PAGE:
p-value

n

Median

(range)

p-value

OS [years]

9

5.8 (2.111.5)

36

7.6 (0.518.3)

3

2.3 (0.73.7)

< 0.001

Treatment concept

Definite

3

6.6 (5.710.8)

0.844

3

7.3 (3.712.2)

0.764

2

3.0 (2.33.7)

NA

Additive/Adjuvant

6

4.5 (2.3-11.5)

33

7.6 (0.518.3)

1

0.7

Treatment situation

Recurrence

1

5.2

0.605

13

7.6 (3.018.3)

0.728

0

NA

Primary treatment at the time of diagnosis

8

6.1 (2.311.5)

23

7.6 (0.59.7)

3

2.3 (0.73.7)

Discussion

We report consistent rates of LC and OS for chordoma following high-dose photon linear accelerator IMRT. The advantage of IMRT is that the beam can be modulated to shape the radiation dose distributions with steep dose fall-off at the borders between the tumour and organs at risk. In combination with sufficient image guidance, millimetric delivery precision can be achieved, allowing minimisation of the PTV margins. Because of the higher integral dose with photons rather than protons, tumour control may be affected by a higher potential for adverse effects. Hence, the significance of high-dose photon-based versus proton radiation is controversial. Conventional radiation is limited to palliative treatment because of the lower LC rates [21].

Because of the limitations in dose escalation using conventional radiation, treatment of chordomas shifted to highly specialized particle therapy radiation centres. The advantage of particle therapy lies in the predictable dose deposition at a given depth, allowing for maximal dosing at the tumour/OAR interface and dose escalation within the tumour [22]. Therefore, higher doses can be delivered with particle therapy than possible with conventional radiation. Consequently, the results are more favourable compared with conventional radiation [23]. Thus, particle therapy is the gold standard for treating chordomas. Nevertheless, in some cases (due to surgical stabilization, health insurance status, or lack of capacity), proton or carbon ion beam therapy could not be performed and photon IMRT was used instead. In most patients in the current analysis (49.1%), metal artefacts after surgical stabilization were the reason for the treatment with photons. Metallic implants complicate MR and even CT-based planning of local radiation therapy, because they induce uncontrollable dose-modulating effects in adjuvant radiotherapy, especially if charged particles are used [24].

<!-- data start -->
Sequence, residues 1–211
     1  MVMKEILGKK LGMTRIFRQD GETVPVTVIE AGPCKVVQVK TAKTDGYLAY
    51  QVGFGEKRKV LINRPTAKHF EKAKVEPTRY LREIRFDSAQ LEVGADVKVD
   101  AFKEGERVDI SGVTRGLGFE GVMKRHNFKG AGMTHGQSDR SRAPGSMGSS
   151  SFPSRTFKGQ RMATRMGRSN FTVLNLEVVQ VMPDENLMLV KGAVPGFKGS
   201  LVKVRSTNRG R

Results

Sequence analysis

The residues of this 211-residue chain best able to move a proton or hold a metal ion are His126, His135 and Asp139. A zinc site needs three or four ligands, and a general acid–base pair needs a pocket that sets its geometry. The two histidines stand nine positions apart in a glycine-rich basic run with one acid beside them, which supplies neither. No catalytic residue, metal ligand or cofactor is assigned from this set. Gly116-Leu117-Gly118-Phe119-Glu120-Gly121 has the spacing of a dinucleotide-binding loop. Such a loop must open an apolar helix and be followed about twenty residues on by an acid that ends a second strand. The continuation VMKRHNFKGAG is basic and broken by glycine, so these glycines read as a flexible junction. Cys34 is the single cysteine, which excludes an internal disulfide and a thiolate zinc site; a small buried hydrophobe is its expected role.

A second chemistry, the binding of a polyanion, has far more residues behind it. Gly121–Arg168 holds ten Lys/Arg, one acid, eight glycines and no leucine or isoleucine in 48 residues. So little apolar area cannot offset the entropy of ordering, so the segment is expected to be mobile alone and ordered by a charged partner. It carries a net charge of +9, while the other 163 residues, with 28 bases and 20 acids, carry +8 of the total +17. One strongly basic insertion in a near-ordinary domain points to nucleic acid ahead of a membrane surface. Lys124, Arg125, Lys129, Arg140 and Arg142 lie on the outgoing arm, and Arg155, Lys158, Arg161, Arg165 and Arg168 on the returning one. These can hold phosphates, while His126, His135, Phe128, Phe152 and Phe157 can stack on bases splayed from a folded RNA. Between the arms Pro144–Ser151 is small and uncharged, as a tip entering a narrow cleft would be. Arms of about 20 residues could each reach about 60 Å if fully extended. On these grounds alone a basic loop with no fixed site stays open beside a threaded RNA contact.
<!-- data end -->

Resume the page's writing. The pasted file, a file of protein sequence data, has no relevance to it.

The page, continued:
In patients who were not suitable for particle therapy, LC was 39.9% and OS was 47.9% after 10 years (median follow-up, 6.5 years). Even if the Kaplan-Meier 10-year estimates were less reliable, these data are consistent with expected outcomes following proton and previous photon therapy [25–29]. The 10-year LC rates were 54% after irradiation with carbon ions in patients with skull base chordomas, whereas a 10-year OS rate of 75% was already reported [17].

Because chordomas are rare and particle therapy is now state of the art, the sample size was small. The median time of follow-up (6.5 years) ranged from six months to 24.3 years. Furthermore, the distribution between adjuvant/additive and definitive RT (44 patients vs. 13 patients) and between primary treatment and treatment of recurrent tumours (39 patients vs. 18 patients) were not equal. Skull base and spine tumour sites were more common than tumours at the sacrum or pelvis sites. In a 2010 report, about 34 patients with sacral chordoma were treated with IMRT, the 5-year LC was 27% (29). In another study, Lu et al. reported on patients with sacral chordoma who were treated with IMRT (n = 48) or gamma knife (n = 26). The reported LC-rates after 5 years were 70.9 % and 18.3 %, respectively [30]. Chordomas of the skull base, spine and pelvis/sacrum behave very differently (metastasis rate, clinical presentation); furthermore, the oncological management is different for the different tumour locations (treatment-related complications, target margins). Because of these limitations and the retrospective character of the study, creating homogenous groups was difficult. Due to the small subgroups, significant differences were rare. The insignificant results of subgroup analyses can be found in the Supplementary File and Table 2.

Long-term (up to 30 years) follow-up data concerning clinical outcomes (performance status, side effects) are lacking. Furthermore, some clinical data, including follow-up imaging, medical reports about further treatment and pathological findings, are collected by other institutions. We invited all survivors of this cohort for an interview. Unfortunately, only 7 patients replied. All responding patients mentioned no or only low-grade late toxicities (data not shown). Performance and side effects could not be evaluated.